I’ve been a member of the Penzance Wheelers since my son took up cycling at twelve, a few years ago now. I joined to help out; when my son moved on I just seem to have stayed. I’ve been Chairperson for more years than I care to acknowledge. As I can’t or don’t ride a bike I miss out on all the Sunday rides and the fun of competition. I make up for this by helping at or organizing many of the events we put on. Many of the active members love time trials, a somewhat alien form of bike racing to me, and the club runs a club events (open to all comers) every two weeks and several ‘open’ events each season. The club is good at time trials; we are the proud holders of the prestigious Cornish Cup, a season long tt competition, and lead it this year. We also have five riders in the National 25 TT this year which I think from a small club in the far reaches of west
is a good turnout. We also run a number of criteriums and when we can, a few proper road races. Fewer of our riders seem enjoy to the road racing compared to time trials. Cornwall
Our membership is around fifty, mostly male, of which I must know half well and the other half less well. We do have a few women members, more are very welcome. We no longer have any under 16 riders as we decided by a vote that there is too much arsing around to be done, with endless paper work and courses to go on. It wasn’t always the case but the modern world has made it just too difficult. Fortunately Tom, my son, joined when things were normal and he was initiated into the club in the time honored way by being taken for a ride and then dropped on the way home leaving him to find his own way back. I have to admit I didn’t think this a very smart thing to do at the time but on reading Barry Hoban’s autobiography realized it was the way. This practice ceased shortly afterwards.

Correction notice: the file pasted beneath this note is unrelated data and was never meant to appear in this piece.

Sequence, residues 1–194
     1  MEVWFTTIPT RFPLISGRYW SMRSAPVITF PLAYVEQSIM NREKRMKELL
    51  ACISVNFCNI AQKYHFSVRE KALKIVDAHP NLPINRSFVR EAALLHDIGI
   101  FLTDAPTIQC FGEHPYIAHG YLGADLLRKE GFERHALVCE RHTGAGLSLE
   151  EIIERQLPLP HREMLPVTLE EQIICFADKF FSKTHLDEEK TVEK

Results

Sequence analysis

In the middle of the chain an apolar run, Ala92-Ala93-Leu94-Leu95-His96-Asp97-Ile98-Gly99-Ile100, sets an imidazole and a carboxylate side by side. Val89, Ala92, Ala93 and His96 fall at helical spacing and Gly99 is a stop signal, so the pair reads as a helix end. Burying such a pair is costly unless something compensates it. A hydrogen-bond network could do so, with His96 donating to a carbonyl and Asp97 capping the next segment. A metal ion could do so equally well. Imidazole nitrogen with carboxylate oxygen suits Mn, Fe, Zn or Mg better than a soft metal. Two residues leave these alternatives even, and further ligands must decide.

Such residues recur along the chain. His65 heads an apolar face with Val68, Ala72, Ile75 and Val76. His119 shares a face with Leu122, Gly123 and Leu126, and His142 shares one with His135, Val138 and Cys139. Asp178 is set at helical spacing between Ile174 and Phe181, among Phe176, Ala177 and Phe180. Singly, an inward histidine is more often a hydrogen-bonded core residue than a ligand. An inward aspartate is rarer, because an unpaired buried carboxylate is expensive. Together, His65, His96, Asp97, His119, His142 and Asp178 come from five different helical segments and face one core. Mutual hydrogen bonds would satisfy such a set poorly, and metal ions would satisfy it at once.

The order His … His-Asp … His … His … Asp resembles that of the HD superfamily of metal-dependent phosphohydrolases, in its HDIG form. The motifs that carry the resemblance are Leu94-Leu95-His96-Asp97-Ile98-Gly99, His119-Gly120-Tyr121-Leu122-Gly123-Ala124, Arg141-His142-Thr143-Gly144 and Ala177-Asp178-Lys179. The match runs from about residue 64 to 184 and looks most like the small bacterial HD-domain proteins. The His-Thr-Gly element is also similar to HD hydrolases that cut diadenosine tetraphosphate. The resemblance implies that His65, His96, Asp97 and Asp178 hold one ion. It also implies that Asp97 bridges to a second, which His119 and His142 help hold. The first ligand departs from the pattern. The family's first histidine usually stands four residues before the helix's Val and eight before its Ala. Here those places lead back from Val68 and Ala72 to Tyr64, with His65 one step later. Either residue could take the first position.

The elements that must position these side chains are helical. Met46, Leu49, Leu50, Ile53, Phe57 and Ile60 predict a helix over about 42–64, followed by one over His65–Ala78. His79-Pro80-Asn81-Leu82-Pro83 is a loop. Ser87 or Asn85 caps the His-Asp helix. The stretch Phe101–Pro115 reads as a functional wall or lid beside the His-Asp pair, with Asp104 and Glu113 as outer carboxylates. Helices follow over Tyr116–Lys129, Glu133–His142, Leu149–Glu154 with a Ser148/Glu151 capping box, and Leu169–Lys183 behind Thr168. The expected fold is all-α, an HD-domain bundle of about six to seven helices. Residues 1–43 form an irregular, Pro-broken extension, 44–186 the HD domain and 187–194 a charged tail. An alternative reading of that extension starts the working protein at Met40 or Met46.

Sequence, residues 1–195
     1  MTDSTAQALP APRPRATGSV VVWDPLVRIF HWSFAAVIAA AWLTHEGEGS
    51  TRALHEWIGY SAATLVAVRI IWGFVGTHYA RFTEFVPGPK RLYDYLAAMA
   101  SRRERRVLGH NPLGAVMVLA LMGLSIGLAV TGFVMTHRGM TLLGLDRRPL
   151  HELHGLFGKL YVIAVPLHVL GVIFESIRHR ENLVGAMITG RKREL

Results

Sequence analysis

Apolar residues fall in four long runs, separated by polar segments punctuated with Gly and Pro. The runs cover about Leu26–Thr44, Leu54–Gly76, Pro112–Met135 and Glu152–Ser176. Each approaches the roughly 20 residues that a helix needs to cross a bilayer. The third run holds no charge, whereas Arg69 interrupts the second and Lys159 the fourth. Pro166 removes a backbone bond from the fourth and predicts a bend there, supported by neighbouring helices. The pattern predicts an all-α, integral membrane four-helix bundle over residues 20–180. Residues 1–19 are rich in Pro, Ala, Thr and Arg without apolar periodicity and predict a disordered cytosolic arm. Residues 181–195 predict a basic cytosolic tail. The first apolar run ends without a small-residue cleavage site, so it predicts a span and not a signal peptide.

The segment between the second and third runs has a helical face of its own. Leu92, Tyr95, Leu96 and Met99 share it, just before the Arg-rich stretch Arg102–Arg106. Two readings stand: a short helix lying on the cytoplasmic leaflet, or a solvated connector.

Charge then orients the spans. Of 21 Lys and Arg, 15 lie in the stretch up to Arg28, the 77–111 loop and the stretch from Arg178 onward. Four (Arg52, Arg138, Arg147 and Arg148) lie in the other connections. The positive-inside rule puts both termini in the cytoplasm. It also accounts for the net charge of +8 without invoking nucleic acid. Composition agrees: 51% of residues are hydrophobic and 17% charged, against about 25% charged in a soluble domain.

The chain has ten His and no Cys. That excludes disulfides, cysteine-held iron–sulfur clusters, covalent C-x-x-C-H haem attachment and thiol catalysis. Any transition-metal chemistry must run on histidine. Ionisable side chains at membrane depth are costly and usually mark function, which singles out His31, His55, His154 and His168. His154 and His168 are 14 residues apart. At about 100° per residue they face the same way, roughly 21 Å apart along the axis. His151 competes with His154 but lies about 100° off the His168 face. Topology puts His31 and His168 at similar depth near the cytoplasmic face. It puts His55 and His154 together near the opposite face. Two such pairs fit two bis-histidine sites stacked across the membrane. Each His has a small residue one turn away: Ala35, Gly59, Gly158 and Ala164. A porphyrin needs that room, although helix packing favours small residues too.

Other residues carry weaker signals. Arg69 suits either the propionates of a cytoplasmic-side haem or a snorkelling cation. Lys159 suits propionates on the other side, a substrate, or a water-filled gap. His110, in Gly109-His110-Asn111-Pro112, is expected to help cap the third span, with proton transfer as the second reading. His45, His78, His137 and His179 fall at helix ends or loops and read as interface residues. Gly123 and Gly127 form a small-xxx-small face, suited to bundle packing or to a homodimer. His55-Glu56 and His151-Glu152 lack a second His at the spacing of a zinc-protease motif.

We meet once a week for the Sunday ride and again for a social evening on Tuesday night at The Star, Crowlas, and our official HQ. On these evenings up to a dozen or so members turn up to discus, reminisce or yarn about an ever widening range of subjects and drink the excellent beer brewed on the premises by the landlord. This is way better than when we met at the Longrock Institute, a draughty World War1 wooden hut, brought back from
in 1920, with no heating, where we sat around freezing for many a winter evening, drinking cups of black tea or coffee because someone had forgotten to buy the milk. France
We have a healthily informal attitude to officialdom. We occasionally have official meetings. To make these seem different we move to the opposite end of the pub. At the moment the big debate in the club is whether to include a skull and cross bones to our club kit, everyone appears to be in favour but I guess it should go to a vote as pirates were very democratic. We don’t do much paper work; we like to keep it simple. If you want to ride a bike come and join us. However, when we do organize a race or charity ride everything is done extremely well. We aren’t complete fools. This highlights a paradox about the club for although there is this air of informality our organization is top notch and the various events we arrange are always successfully run. We seem keep this fact well disguised.
We also have a very healthy disregard for petty politics that seem to blight many clubs. We don’t strictly adhere to the rule book as I don’t think we have one. There are a few unwritten ones but they are more a wish list or advice. Due to this, in the eyes of a few people we don’t do things correctly. In the past we’ve had a few people join who want every thing to be run properly. The trouble for them is no one takes any notice, we carry on the same. They soon leave. It’s this air of informality and the friendly nature of the club that I so like. It feels very egalitarian.
The club has a very long history being started in the late 1890’s.You used to be able to read about its long history on our website but it seems to have gone missing.( it’s now back) There were a few low points but the club has never gone away, I don’t think it ever will. It has one life member, who never appears. Nobody knows why he was made a life member but he is. Our most famous member must be Tom Southam who was the first Cornishman to make it into the pro ranks. Since then another rider who was in the Wheelers, Steve Lampier, has also made it to Elite level.
We have a club website, www.pzwheelers.co.uk and an active facebook page where a lot more banter ensues.